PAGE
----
The climate of Nevada City is similar to the Mediterranean climate type of the Bay Area but with more interesting edges as it lies mostly at 2,500 ft on the western slope of the Sierra Nevada range. The summers are warm and dry with cooler nights, and the winters are characterized by heavy rains, a negligible amount of snowfall, and an average low in the 30s and 40s. July and August are the driest and hottest months, sometimes reaching the high 90s and occasional 100+ days, necessitating trips to the Yuba and nearby alpine lakes while counting your blessings because you’re not in the Sacramento Valley where it can be 20 degrees hotter. It is very very unlikely you will get a drop of rain here between June and September, so you won’t need to pack a raincoat on your summer trips unless you are heading to the High Sierra at some point (where you may encounter afternoon thunderstorms). Especially with the ability to easily travel up or down the hill, comfortable training has been possible year round while living here. My advice: carry water on summer runs, use the icy river in the fall to soak the legs, and develop a good layering system for the winter!
The diversity of trails in and around town allow you to decide where you want to run based on the type of terrain you want to encounter. The South Yuba River canyon trails are all single track (except for some connecting fire roads) with some technical sections. Running in, through, and out of the canyon is the best way to build elevation gain into runs without heading towards Auburn or Tahoe (see Round Mountain Trail). In contrast, the most accessible trails to town are well maintained, flat single and double track along irrigation ditch canals, perfect for speed workouts and easy after-work runs.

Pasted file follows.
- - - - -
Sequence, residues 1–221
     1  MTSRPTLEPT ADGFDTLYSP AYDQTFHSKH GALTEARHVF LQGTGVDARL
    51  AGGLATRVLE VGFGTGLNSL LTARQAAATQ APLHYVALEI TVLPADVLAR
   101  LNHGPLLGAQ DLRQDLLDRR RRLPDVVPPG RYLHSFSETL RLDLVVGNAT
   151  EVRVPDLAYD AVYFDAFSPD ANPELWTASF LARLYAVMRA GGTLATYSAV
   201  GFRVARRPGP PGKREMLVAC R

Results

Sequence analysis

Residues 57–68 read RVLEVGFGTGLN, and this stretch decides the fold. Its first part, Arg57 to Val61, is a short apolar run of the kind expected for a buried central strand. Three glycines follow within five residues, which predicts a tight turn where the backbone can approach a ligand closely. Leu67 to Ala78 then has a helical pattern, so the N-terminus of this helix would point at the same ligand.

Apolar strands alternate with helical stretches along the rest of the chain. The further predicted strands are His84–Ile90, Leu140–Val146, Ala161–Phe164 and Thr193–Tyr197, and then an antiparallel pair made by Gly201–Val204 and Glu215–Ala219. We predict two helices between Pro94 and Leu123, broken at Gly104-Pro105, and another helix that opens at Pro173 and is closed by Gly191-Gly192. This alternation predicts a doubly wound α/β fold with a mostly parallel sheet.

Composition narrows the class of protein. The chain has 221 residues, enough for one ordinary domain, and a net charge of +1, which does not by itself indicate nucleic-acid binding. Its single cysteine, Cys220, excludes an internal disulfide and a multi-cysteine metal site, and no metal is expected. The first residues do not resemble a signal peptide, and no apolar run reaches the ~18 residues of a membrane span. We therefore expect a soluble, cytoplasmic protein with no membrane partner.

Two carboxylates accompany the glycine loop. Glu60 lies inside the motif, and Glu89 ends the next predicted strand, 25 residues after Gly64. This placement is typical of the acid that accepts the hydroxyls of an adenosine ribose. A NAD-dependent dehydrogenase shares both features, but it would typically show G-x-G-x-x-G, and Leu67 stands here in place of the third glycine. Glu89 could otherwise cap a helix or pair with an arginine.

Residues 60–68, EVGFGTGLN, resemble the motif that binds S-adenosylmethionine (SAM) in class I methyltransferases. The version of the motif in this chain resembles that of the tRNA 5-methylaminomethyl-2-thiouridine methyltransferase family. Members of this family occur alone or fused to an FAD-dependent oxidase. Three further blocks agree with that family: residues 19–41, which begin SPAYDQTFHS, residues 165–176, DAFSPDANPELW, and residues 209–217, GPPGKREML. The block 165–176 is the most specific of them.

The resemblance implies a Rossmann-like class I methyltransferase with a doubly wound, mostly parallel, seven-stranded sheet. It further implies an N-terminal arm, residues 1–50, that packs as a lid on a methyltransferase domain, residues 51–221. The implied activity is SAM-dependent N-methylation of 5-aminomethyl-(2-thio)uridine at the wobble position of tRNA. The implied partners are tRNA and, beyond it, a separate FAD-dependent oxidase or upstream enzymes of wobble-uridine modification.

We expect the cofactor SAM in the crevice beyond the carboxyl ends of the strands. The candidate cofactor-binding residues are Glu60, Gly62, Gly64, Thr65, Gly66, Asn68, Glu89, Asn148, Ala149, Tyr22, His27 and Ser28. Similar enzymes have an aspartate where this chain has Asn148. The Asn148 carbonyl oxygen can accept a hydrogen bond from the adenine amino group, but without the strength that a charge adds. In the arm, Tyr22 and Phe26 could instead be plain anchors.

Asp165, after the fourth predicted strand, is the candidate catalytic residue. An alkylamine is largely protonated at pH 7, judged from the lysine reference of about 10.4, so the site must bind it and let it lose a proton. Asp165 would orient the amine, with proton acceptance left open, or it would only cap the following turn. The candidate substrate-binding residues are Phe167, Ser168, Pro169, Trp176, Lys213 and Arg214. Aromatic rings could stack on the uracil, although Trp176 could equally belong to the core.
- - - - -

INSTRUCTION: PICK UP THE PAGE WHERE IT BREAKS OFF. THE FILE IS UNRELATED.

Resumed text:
Where to Run (Trails!):
The South Yuba River Trail runs parallel to the South Fork of the Yuba River for 20 miles, rewarding you with incredible views of river bends and sections right along the river bank perfect for swimming breaks. There are several access points to this trail system from Nevada City, including Purdon Crossing, Edwards Crossing, the South Yuba Campground Trailhead, Malakoff Diggins, and from the town of Washington. My favorite access point from town is at Edwards Crossing, about a 20 minute drive, where you can run the 4.4 mile single track downstream to Purdon Crossing and back (one way has a 500 ft gain and 700+ ft loss). This trail also connects to the Round Mountain Trail, offering opportunity for vertical gain with 1000 ft in 2 miles of switchbacking trail to an incredible view at Coyote Overlook. If you are willing to run on stretches of dirt road, there are several opportunities for loops in this state park.